Results of Indonesian Challenge (+ video)
The 6 weeks are over and I have given my talk at the first round of the Indonesian Speaking Competition. The topic I chose was "How to learn languages" (big surprise), which I chose for several reasons: I'm very comfortable with this topic, I knew it would be very interesting for the audience (especially coming from someone who just learned Indonesian quickly) and it's possible to talk about this with a very basic vocabulary.
I started by studying the first 6 lessons of "Colloquial Indonesian" and learning some basic vocabulary. On May 12th I wrote a first text on texts for Lang-8 and later a few more (while still studying those 6 lessons). I found this really helpful, because on lang-8 I could practice writing about language-learning, ensuring that I have the necessary vocabulary for this topic and a good understanding of how to use these words. I also took 3 lessons with a private teacher - unfortunately not more because he had to travel and I had to travel and we had trouble finding dates that worked for both of us. On May 27th, I wrote a speech of 450 words that I wanted to use for the competition. Then I revised it together with a teacher, ensuring that I was communicating my ideas well to Indonesians (e. g. I had to drop the idea of making a friendly "bet" because betting has negative connotations in Indonesia) and that I had a sample of correct Indonesian to study. Of course I didn't present the speech as such at the competition on June 7 - I suck at memorizing and we were not supposed to read our speeches, though one long-term student of Indonesian did. Instead, to make it a learning experience, I abstracted the speech the same way I'd abstract a German or English speech, e. g. keeping "goal -> write & reread for motivation" (in Indonesian) and then practiced doing the speech from these notes, usually inadvertently finding new ways of arriving at the same message rather than parroting anything. Since I was traveling between May 30th and June 3rd and also had to work on my French MA thesis and prepare for the Esperanto C1 exam at the same time, I wound up not being able to put in as many hours as I had hoped, only about 40 between April 21st and the competition. My delivery of the speech was also not as fluent as I had hoped, though I'm mostly blaming nervousness for that; I barely hesitated at all the last time I practiced the speech under the shower at home, without notes even.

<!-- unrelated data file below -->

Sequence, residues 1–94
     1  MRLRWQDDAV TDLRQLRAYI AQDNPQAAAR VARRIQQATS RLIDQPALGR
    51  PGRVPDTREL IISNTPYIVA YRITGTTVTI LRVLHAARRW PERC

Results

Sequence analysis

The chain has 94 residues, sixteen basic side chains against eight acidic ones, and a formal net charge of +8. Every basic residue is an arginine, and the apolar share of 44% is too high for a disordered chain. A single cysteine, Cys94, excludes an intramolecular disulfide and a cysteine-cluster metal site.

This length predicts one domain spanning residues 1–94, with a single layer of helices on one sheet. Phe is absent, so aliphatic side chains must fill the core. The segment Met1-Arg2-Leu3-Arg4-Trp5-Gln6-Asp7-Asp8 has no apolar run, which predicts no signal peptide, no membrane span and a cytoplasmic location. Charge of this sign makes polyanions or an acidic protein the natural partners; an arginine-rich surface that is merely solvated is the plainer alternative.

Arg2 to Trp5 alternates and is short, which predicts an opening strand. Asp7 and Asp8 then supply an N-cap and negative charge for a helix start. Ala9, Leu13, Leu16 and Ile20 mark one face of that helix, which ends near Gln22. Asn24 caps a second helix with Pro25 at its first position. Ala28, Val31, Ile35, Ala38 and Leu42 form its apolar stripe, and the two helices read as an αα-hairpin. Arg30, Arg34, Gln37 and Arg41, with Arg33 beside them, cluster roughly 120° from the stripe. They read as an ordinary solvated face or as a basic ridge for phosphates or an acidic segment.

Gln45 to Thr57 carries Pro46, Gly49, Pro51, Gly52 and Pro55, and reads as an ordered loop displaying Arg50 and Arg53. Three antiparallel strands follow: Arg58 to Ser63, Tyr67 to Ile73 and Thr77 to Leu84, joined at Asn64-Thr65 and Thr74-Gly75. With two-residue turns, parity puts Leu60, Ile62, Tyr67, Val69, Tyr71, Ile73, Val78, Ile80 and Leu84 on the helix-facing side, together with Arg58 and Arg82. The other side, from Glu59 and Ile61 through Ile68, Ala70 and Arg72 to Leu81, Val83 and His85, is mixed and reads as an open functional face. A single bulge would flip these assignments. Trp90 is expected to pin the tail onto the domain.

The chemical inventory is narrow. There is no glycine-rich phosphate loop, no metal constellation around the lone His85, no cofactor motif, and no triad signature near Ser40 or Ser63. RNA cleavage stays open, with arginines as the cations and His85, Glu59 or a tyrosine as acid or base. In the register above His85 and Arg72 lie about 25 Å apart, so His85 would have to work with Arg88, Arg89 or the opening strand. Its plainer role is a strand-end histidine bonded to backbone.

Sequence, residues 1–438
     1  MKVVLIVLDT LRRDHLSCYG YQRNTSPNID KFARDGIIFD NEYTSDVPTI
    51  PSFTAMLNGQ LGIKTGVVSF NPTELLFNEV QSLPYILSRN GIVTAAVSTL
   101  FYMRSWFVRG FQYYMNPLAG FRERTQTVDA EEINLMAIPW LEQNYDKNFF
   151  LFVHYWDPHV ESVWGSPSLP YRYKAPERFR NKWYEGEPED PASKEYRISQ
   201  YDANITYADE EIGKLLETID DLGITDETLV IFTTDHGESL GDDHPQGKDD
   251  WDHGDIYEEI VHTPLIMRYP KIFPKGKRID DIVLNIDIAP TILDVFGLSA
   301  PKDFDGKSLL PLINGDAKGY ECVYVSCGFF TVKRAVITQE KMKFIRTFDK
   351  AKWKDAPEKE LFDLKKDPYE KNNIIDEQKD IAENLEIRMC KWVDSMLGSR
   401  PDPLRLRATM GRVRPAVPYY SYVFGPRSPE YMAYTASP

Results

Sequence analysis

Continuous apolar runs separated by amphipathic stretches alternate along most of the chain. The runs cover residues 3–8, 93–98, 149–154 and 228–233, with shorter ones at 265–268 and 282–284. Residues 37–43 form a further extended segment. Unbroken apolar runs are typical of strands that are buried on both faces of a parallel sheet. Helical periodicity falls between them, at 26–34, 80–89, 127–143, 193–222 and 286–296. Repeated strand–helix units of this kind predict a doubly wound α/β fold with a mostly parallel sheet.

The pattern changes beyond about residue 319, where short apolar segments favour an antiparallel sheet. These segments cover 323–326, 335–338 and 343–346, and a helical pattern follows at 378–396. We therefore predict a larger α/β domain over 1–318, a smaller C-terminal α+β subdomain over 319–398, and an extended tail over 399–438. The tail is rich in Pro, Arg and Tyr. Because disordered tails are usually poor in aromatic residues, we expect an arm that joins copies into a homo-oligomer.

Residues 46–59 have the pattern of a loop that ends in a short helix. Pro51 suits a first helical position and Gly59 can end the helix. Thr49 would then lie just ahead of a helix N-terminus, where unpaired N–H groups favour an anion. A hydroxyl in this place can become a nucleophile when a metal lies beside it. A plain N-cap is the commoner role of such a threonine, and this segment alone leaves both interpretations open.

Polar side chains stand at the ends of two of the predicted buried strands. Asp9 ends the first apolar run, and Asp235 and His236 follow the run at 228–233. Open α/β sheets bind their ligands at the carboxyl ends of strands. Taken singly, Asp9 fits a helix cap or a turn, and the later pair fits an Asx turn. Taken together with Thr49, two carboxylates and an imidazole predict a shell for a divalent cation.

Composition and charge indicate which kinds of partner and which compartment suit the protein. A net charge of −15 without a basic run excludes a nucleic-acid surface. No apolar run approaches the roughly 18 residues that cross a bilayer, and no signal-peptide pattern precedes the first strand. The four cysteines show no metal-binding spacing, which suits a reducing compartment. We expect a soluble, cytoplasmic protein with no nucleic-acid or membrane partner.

Anyway, I am happy with the way it turned out and I definitely reached my goal of giving a 5-10 minute speech in Indonesian at this competition and do so in a way that is interesting for my audience.
Chuck filmed my performance. If you don't speak Indonesian, you can switch on English subtitles by using the CC button. Watch the video here if it doesn't embed correctly for you.
The people at the competition were quite impressed and wouldn't believe I had only started studying Indonesian on April 21st. The prize obviously went to a girl who had studied Indonesian for several years who did a comedy routine in Indonesian, but one of the organizers invited me to come back next year, saying I could probably win then!